By Colonial Museum
Virgin of the Rosary of Pomata (Siglo XVIII) by Unknown artistColonial Museum
This image, inspired by the advocation of the Virgin of the Rosary, is testimony to the cultural crossbreeding that occurred in the colonial era in the Andes area. It is believed that it was the Dominican order that introduced this iconography in the Peruvian town of Pomata.
This work is based on the sculpture that the Dominicans placed in the church of Santiago de Pomata and that was considered miraculous. In it the effigy is portrayed as it was venerated on its altar, dressed in fine dresses, and surrounded by red curtains and flower arrangements.
Although the painting follows the Western model to represent Mary, elements typical of the Andean indigenous world are seen in it, for example, the feather crowns that adorn the head of mother and child and that were common in the clothing of the inca nobility.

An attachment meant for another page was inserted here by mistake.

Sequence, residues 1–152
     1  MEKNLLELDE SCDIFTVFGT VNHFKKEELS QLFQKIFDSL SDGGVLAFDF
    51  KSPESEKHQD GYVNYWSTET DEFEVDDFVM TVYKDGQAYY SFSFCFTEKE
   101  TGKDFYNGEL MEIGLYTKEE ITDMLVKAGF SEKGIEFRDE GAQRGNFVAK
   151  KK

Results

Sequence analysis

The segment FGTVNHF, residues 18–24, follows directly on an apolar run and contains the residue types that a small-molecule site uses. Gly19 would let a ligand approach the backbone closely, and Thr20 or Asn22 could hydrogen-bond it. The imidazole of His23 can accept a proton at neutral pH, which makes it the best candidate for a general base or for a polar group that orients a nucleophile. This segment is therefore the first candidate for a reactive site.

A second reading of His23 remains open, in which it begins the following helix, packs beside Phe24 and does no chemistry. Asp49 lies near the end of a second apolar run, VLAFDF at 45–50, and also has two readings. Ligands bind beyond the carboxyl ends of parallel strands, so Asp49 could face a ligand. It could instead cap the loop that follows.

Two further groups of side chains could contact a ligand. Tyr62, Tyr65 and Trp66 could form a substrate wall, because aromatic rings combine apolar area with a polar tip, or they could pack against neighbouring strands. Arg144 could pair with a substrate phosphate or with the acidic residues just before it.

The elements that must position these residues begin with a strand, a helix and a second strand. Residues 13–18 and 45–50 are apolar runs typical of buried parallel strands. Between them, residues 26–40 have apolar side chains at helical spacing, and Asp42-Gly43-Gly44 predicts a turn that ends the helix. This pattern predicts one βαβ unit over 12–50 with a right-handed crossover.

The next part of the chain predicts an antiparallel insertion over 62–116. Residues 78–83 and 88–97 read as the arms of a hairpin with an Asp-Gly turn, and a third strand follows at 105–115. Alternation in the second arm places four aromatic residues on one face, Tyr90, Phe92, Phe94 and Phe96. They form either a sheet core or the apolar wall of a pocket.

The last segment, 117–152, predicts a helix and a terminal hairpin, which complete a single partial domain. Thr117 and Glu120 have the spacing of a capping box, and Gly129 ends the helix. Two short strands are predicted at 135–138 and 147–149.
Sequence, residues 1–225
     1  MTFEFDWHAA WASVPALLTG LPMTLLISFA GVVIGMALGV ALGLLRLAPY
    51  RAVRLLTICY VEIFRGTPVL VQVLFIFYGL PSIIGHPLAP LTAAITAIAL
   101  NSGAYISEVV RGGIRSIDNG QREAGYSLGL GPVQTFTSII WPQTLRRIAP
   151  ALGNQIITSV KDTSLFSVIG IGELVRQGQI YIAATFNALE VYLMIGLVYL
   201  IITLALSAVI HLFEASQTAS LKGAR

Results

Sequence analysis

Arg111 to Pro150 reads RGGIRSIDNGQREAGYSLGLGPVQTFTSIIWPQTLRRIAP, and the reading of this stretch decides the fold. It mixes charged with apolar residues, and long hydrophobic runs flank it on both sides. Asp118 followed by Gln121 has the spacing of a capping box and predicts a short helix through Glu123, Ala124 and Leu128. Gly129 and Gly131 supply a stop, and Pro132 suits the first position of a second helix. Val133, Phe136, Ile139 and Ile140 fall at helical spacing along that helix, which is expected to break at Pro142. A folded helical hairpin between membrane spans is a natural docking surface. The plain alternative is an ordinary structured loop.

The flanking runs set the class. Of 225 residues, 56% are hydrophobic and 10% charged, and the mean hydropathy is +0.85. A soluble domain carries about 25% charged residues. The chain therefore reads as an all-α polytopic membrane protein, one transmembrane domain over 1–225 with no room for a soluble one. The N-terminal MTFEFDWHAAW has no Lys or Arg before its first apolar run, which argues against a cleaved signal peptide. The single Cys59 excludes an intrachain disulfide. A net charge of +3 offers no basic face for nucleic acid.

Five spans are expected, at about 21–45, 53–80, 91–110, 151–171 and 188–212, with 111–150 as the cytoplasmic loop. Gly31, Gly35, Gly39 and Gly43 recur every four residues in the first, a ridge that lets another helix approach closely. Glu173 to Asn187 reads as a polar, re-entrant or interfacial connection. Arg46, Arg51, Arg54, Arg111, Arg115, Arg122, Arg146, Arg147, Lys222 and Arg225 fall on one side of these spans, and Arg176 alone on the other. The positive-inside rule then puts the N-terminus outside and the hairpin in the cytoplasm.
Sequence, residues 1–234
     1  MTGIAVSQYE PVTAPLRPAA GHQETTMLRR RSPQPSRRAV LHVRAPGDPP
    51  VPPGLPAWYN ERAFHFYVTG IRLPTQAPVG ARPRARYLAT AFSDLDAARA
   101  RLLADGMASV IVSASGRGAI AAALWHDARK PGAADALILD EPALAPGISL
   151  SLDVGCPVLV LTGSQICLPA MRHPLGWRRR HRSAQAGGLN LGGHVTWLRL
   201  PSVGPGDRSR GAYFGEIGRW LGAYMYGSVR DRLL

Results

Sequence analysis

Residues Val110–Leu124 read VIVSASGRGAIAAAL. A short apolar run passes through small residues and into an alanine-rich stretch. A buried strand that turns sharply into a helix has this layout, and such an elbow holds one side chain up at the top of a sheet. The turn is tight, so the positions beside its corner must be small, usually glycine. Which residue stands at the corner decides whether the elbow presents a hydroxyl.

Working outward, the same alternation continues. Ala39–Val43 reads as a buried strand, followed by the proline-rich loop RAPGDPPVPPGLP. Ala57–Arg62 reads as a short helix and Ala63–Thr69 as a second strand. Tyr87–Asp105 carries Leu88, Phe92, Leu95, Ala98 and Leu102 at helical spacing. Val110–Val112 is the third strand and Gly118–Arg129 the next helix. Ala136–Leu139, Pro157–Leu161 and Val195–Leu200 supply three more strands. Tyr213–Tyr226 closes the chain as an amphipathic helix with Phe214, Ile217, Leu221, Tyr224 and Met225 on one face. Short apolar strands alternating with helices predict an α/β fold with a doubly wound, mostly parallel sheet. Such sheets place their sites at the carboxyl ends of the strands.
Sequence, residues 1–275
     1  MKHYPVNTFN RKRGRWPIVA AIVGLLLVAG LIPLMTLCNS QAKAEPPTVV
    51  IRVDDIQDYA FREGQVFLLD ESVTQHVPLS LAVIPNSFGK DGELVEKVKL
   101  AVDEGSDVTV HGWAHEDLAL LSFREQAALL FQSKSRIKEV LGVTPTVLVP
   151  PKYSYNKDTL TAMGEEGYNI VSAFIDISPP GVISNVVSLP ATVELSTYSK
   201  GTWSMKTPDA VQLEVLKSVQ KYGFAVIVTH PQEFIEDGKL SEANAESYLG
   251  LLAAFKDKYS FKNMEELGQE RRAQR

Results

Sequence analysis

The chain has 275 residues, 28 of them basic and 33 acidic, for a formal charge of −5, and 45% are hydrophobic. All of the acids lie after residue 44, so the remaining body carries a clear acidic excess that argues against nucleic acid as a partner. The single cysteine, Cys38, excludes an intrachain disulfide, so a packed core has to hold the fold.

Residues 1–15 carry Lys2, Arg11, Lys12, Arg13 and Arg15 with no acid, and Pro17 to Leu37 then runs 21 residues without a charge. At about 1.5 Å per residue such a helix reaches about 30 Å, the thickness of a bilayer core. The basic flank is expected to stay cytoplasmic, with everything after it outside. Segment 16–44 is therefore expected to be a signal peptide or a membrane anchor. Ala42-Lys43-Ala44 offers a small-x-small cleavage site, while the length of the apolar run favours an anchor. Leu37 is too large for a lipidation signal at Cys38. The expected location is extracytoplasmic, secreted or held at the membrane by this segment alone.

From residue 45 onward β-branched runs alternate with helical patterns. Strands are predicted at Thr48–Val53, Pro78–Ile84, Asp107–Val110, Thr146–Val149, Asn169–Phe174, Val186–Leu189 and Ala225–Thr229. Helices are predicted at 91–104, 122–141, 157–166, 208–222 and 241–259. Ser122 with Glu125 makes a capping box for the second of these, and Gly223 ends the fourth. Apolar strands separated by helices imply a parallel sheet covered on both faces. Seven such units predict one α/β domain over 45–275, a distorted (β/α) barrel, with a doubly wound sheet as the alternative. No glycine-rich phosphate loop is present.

The triangular shape of Maria’s dress, adorned with pearls and bows, refers to the santos cage dolls and also evokes the mountains, symbols of Pachamama, an Andean divinity that embodies Mother Earth, protector of all beings.
At the feet of the Virgin are three cherubs represented as winged heads and a moon that, in addition to Christian symbolism, is a celestial body venerated by American indigenous groups, who associate it with the sacred feminine.
MUSEOS COLONIAL Y SANTA CLARA
María Constanza Toquica Clavijo
María Alejandra Malagón Quintero
Anamaría Torres Rodríguez
María Isabel Téllez Colmenares
Paula Ximena Guzmán López
Tanit Barragán Montilla
Jhonatan Chinchilla Pérez